Visit Netscape’s homepage using Netscape 4, and you may be asked to download Netscape 7 before proceeding.

By Jeffrey Zeldman | Filed in Browsers

It has architecture?

W3C has a Technical Architecture Group (TAG) that's supposed to worry about corner cases and consistency. Last week marked the publication of the TAG's first cut at an overview of the Web's architecture. It's not light reading, and it doesn't say a thing about design or style or HTML, but those ...

By Tim Bray | Filed in Web Standards (general)

WaSP at Digital-web

Digital Web, a darn fine webcentric pub, has WaSP stuff this issue, including a state-of-the-art Zeldman rant and a nice three-way conversation with Steven Champeon and Shirley Kaiser. Check it out!

By Tim Bray | Filed in Web Standards (general)

The Web Standards Project is a grassroots coalition fighting for standards which ensure simple, affordable access to web technologies for all.

Recent Buzz

Our Work Here is Done

By Aaron Gustafson | March 1st, 2013

Thanks to the hard work of countless WaSP members and supporters (like you), Tim Berners-Lee’s vision of the web as an open, accessible, and universal community is largely the reality.

When The Web Standards Project (WaSP) formed in 1998, the web was the battleground in an ever-escalating war between two browser makers—Netscape and Microsoft—who were each taking turns “advancing” HTML to the point of collapse. You see, in an effort to one-up each other, the two browsers introduced new elements and new ways of manipulating web documents; this escalated to the point where their respective 4.0 versions were largely incompatible.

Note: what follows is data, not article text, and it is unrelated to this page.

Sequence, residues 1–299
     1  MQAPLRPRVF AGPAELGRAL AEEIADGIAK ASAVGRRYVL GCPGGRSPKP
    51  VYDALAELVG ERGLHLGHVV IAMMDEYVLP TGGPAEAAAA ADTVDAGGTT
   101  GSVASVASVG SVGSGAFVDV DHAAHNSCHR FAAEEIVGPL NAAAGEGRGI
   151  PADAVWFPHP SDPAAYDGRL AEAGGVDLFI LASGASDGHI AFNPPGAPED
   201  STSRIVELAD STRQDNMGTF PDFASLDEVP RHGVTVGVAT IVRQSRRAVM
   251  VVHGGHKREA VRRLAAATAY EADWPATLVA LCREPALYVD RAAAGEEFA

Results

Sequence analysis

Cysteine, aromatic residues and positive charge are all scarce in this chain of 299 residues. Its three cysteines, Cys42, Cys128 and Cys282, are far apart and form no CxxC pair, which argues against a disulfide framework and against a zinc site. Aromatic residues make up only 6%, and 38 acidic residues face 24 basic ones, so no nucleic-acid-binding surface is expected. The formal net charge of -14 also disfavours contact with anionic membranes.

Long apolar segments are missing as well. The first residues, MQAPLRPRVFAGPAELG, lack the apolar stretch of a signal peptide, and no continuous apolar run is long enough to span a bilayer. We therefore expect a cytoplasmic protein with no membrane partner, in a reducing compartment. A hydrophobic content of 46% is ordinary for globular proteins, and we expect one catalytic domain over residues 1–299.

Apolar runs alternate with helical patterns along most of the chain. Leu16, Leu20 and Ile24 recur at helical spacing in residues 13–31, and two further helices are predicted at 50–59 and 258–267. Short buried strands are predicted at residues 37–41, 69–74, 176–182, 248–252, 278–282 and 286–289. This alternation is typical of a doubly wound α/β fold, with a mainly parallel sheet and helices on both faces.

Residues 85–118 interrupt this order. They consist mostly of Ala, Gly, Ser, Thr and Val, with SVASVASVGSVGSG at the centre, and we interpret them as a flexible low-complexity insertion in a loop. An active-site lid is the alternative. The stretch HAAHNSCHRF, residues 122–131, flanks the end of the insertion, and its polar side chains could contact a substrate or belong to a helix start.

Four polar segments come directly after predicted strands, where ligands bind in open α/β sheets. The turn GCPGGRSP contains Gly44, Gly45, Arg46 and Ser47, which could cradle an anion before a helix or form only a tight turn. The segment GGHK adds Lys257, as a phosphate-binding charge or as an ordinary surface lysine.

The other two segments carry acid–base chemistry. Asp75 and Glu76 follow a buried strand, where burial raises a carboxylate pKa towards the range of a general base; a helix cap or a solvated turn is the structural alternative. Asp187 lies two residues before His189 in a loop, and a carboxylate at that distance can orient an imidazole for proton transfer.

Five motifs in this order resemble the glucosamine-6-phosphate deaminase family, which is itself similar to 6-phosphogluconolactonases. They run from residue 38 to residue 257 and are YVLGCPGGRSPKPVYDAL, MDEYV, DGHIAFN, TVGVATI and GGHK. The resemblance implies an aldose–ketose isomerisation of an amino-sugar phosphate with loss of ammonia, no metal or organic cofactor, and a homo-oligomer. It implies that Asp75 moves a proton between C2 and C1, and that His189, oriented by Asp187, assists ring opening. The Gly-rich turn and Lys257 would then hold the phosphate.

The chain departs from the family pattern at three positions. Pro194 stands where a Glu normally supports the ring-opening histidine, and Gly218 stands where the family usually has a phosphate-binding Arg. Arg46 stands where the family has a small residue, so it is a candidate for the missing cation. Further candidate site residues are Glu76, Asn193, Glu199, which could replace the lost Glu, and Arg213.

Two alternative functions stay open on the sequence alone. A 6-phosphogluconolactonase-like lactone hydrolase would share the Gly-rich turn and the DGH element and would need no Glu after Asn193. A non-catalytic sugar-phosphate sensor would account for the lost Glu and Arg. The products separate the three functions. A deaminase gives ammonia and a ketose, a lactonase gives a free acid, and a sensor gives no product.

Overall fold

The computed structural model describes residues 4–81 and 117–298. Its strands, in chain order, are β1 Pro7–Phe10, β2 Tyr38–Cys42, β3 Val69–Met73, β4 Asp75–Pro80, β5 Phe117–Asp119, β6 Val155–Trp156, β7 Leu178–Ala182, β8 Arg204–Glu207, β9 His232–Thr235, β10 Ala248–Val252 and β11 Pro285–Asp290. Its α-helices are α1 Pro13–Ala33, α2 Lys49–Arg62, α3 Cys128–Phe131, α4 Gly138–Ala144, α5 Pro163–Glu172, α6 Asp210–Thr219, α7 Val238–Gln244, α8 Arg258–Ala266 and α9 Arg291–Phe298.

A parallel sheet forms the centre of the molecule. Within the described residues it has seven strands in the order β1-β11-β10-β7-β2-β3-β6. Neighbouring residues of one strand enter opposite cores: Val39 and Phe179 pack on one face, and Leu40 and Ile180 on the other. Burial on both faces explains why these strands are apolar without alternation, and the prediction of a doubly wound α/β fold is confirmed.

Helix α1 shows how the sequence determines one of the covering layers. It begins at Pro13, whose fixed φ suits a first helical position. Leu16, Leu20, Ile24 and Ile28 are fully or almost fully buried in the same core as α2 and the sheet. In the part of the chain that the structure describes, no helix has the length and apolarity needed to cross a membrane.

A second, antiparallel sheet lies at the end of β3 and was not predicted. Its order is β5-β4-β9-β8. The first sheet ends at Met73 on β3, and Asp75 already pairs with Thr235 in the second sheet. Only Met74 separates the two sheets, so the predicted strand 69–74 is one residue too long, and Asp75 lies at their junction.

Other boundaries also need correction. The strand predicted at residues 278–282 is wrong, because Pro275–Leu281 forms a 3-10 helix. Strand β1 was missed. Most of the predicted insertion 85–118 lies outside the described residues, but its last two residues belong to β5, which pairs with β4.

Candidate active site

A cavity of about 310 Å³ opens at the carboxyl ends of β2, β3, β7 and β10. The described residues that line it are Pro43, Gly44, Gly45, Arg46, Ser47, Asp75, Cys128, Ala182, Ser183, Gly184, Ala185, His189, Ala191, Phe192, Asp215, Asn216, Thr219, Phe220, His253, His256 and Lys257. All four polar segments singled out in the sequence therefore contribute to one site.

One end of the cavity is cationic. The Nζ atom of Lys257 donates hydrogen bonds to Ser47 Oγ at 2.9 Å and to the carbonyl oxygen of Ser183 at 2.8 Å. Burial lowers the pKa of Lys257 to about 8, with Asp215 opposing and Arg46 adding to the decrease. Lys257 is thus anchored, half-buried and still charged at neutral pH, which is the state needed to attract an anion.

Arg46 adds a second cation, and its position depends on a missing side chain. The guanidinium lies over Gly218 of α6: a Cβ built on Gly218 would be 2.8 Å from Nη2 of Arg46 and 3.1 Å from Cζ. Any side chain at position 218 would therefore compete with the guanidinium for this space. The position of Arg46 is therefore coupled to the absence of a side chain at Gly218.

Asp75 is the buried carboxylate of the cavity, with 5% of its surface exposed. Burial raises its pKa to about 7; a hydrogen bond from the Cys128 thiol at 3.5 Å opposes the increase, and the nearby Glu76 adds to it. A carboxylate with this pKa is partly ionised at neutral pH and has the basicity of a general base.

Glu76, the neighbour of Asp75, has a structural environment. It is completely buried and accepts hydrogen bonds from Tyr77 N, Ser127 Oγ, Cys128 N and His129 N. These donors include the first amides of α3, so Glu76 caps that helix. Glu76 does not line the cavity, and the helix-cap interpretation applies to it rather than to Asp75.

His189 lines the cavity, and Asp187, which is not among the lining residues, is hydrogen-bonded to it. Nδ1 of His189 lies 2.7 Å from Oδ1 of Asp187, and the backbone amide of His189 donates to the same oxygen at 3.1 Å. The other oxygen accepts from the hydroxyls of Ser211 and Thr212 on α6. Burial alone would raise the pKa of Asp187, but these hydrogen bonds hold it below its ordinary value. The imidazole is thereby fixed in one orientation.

Realizing that this fragmentation would inevitably drive up the cost of building websites and ran the risk of denying users access to content and services they needed, Glenn Davis, George Olsen, and Jeffrey Zeldman co-founded WaSP and rallied an amazing group of web designers and developers to help them push back. The WaSP’s primary goal was getting browser makers to support the standards set forth by the World Wide Web Consortium (W3C).

In 2001, with the browser wars largely over, WaSP began to shift its focus. While some members continued to work with browser vendors on improving their standards support, others began working closely with software makers like Macromedia to improve the quality of code being authored in tools such as Dreamweaver. And others began the hard slog of educating web designers and developers about the importance of using web standards, culminating in the creation of WaSP InterAct, a web curriculum framework which is now overseen by the W3C.